A native of Highland and New Paltz, Ryan Solomons had to take a long journey, both internal and external, before he ended up back home again with a clear idea of what he wanted to accomplish as a professional signmaker. But now he’s putting his roots down again where he started, and the business that he founded in 2019, Geometric Signs and Design, is seriously making a name for itself.
The striking aluminum lettering that reads City Winery on the towering brick chimney of a repurposed tannery in Montgomery, and the seven-by-17-foot mural of the word Wine on an old water tower on the same site, are the most visible examples of Solomons’ recent work. “That was definitely an epic job,” he says, recounting how he had to rappel in a climbing harness to complete the chimney work because the scaffolding didn’t get him close enough to the brick surface of the concave structure.
But it was that challenging job that paid for one of the key pieces of equipment in his woodshop: an enormous CNC (computer numerical control) router table that enables him to carve out elaborate designs in wood and metal via CAD/CAM software. “It’s a workhorse, and my biggest teacher,” says Solomons. “When I first got it, I had no idea how to use it. It was a yearlong process of setting it up.”
Learning by doing has been the 30-year-old’s style since he was a child attending Mountain Laurel Waldorf School and Poughkeepsie Day School. Early on, he honed his wilderness survival skills in Wild Earth programs, and later put them to practical use when he traveled cross-country on his skateboard as a “loaded longboarder.” Whether it’s mushroom identification or iron-smelting, whenever Solomons decides he wants to know how to do something, he simply goes to the place where it’s done – Mexico, for building structures with adobes from local clay, for example. To make his own skateboard, he studied with a Rosendale-based woodworker who taught him how to harvest various kinds of wood, as well as how to use machinery safely and do joinery.
Solomons’ learning curve has also included a couple of years of formal schooling, at the Art Institute of Boston. He stayed on in that city for a while, acquiring technical skills at Sign Center Boston, and then moved on to other apprenticeships, Signarama, Flag Graphics and a purse designer among them.
Since landing back at his mother’s home on Springtown Road, he has continued his study of sustainably sourced local wood with architect Rick Alfandre; a stunning table made with ash from Alfandre’s own land was ready for pickup in Solomons’ printing shop the day Hudson Valley One paid a visit. In the next room stands a Roland printer/plotter that can print banners up to 56 inches wide and 200 feet long, as well as a laminator.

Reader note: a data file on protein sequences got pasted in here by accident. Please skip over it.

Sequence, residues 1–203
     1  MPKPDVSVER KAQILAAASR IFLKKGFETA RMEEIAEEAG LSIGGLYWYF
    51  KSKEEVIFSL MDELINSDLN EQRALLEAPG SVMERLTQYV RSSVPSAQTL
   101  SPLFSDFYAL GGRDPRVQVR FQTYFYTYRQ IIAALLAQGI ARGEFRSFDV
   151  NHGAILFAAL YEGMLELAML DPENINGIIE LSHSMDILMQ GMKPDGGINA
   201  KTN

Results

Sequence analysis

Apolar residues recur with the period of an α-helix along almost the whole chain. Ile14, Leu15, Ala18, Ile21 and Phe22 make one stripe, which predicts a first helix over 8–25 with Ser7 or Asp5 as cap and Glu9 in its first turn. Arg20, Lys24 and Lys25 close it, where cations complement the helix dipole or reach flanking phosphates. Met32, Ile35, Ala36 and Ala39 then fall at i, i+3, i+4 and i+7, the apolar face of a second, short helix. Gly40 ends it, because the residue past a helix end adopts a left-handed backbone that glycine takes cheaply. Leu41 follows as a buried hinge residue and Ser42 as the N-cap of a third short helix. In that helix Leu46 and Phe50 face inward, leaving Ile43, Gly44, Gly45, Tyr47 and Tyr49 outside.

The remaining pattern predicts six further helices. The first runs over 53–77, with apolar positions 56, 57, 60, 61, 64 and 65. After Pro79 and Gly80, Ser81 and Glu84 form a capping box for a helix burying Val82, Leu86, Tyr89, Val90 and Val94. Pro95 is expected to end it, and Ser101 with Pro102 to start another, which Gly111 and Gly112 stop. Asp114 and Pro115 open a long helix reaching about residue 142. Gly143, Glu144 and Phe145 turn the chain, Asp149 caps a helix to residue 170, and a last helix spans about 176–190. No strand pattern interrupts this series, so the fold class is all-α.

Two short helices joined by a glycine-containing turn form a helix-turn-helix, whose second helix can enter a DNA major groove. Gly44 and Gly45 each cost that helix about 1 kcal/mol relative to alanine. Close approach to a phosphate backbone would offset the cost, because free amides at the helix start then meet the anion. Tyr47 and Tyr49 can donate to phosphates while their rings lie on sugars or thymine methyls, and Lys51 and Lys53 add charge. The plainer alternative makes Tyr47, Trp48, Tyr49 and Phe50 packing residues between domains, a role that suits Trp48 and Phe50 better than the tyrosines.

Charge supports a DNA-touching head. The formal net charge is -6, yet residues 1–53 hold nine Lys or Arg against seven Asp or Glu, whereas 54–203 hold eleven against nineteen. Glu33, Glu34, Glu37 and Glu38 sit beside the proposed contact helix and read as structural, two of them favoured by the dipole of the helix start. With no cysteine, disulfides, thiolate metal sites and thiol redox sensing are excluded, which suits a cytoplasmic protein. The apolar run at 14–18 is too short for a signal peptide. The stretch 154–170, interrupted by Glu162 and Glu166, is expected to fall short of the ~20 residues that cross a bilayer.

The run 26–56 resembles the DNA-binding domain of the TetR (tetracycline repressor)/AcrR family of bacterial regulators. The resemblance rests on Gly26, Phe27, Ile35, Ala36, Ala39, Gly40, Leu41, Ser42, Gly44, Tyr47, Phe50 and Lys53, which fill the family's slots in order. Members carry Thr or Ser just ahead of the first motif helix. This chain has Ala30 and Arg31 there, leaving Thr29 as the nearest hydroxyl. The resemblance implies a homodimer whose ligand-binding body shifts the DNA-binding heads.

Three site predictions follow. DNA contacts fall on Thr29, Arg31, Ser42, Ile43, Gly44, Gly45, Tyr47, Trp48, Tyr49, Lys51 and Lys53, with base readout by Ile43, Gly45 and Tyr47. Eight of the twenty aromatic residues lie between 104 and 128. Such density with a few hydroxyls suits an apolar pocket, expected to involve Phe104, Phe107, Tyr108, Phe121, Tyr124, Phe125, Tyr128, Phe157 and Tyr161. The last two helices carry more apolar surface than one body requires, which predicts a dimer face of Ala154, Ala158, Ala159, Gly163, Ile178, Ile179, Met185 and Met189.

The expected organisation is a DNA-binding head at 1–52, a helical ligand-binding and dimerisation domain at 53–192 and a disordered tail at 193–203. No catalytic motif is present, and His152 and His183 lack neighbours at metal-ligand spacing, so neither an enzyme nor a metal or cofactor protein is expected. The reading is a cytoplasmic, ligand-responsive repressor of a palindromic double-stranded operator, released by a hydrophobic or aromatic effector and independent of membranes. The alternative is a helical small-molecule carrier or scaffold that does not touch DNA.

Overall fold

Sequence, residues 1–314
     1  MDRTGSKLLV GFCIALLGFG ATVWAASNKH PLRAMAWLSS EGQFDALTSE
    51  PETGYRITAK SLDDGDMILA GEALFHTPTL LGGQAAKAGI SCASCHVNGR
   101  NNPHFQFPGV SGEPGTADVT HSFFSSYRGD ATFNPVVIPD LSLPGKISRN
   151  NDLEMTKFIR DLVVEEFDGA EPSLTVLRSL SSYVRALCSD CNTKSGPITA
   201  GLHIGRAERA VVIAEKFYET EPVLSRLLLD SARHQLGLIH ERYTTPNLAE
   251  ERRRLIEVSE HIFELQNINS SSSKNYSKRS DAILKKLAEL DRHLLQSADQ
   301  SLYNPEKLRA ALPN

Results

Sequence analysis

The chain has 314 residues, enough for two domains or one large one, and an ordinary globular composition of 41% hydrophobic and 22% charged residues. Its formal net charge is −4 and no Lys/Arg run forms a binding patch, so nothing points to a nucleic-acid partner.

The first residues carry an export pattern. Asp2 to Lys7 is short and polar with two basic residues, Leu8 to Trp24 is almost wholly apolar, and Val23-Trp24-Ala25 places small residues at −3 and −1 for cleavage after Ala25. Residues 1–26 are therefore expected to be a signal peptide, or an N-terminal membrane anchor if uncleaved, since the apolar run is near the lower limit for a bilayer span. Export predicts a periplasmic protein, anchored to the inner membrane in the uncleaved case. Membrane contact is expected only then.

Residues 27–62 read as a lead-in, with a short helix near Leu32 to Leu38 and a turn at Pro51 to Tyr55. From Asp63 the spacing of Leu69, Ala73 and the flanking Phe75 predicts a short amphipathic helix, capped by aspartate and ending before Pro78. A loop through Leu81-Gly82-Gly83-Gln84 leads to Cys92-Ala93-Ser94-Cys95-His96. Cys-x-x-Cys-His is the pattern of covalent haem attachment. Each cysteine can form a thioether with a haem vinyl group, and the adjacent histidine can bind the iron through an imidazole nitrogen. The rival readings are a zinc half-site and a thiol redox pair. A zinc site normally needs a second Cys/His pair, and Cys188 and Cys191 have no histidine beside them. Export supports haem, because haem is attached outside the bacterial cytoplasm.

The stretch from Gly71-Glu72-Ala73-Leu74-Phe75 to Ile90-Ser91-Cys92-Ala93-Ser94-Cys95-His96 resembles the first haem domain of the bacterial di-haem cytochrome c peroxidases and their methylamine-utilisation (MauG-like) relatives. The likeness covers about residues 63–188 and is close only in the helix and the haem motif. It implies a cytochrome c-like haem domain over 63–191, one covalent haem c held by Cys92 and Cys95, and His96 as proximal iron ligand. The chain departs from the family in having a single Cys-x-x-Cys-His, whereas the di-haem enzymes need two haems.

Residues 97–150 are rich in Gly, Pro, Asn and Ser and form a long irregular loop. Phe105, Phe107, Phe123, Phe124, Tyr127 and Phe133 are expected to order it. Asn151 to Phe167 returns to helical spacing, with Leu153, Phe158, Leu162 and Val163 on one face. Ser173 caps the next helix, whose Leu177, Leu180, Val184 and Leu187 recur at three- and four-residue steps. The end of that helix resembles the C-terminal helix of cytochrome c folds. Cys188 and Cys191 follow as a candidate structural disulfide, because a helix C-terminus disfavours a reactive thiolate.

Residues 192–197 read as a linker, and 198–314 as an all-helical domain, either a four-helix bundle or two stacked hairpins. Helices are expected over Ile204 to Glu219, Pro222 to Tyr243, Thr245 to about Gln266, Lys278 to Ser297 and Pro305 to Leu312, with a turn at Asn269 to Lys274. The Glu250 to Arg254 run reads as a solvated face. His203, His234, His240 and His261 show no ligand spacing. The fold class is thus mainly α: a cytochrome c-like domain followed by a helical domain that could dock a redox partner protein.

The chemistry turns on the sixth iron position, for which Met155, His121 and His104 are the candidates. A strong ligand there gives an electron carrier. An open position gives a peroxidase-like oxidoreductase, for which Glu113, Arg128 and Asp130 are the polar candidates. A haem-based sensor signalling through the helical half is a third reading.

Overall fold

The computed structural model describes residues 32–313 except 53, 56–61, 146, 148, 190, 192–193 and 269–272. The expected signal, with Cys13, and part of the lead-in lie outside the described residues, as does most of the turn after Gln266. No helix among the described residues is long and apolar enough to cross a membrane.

Solomons prefers working with natural materials, and says that he will steer his clients away from foam and toward wood if they want a 3-D sign. His carved signboards are exquisite, the lettering sometimes sporting gold-leaf inlay. Local examples of his painted signage work can be seen at Sweet bakery and two pizzerias in New Paltz, Rino’s and La Bella, as well as Bird Watcher’s Country Store in Tillson. Among his jobs for Rocking Horse Ranch in Highland, he recently blacked out the windows of a building being converted to a laser-tag arena. He has studied enough masonry to create monument-style signs, and also does logo design, vehicle lettering, tee-shirts and swag.
What’s trending in the signage world these days? Neon, according to Solomons, who knows how to do it, having learned glassblowing techniques in his usual hands-on way. “Melting glass and then slipping argon gas in it – it’s a cool process, a super-fun medium. It’s all over different clubs in the City. It’s so versatile; you can use it both indoors and outdoors, and it creates cool light effects.”
But banners are a staple of Geometric Signs and Design’s daily business, and it’s there that he’s able to offer drastically reduced prices to local not-for-profits whose missions resonate with his personal ethos. In his cross-country travels, he spent some time at Standing Rock and observed the poverty and addiction problems plaguing the indigenous community. Impressed by the job-creation work being done by a South Dakota organization called the United Veterans Construction Team, he contributed his signmaking skills to their effort.
“I wanted to help Native people create businesses,” he recalls. “I asked myself, ‘How can I support things like this where I am?’ So, I’m helping local activists with banners, charging as little as ten bucks for a banner, because my heart’s there. It’s about change for a community. People want to promote their business and be stoked about it. I’d rather cut them some slack and see the change.” One recent project close to his heart was painting a beautiful sign for the Munsee Three Sisters Farm in Newton, New Jersey.
For all his expertise in helping others brand themselves clearly, Solomons has not been aggressive about promoting his own relatively new business. “I don’t know how I’m finding clients, but I do. There’s a lot of word-of-mouth,” he says with a laugh. “Most of my transactions happen from face-to-face meetings with people.”
What would Solomons like most to be creating, once the business really takes off and he has his pick of jobs? “The one that challenges me the most, that puts me out of my comfort zone,” he answers without hesitation. “That’s the best place to learn and grow. It keeps me alive.”
Geometric Signs and Design is located at 375 Springtown Road in New Paltz. Ryan Solomons will be hosting a family-friendly Open House on Saturday, November 20 from10 a.m. to 3 p.m., featuring pony rides and free stickers for kids. To learn more about the company’s services, visit https://geometricsignsanddesign.com or www.facebook.com/geometricsigns, or call (845) 514-8702.